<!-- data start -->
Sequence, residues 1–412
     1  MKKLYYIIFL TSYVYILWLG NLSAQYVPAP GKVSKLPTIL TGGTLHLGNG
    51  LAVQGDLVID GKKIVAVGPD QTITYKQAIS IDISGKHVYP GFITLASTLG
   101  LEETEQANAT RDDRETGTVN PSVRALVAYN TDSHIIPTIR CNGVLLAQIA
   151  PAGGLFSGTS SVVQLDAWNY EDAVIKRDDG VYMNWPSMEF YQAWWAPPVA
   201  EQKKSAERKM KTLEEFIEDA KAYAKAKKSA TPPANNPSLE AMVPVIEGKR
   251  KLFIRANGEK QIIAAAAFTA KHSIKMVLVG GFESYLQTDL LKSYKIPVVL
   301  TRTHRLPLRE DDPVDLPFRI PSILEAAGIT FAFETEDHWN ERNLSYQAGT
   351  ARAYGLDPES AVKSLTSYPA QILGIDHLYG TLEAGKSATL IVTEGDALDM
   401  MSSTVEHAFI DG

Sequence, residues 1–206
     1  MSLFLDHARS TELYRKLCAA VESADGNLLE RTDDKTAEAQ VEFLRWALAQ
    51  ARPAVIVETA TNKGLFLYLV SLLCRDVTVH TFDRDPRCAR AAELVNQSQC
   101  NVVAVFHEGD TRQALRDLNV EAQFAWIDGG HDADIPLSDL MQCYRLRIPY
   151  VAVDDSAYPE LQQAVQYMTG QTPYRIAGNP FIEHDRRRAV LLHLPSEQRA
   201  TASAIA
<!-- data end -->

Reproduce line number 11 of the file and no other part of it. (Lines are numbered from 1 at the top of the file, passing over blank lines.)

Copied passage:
Sequence, residues 1–206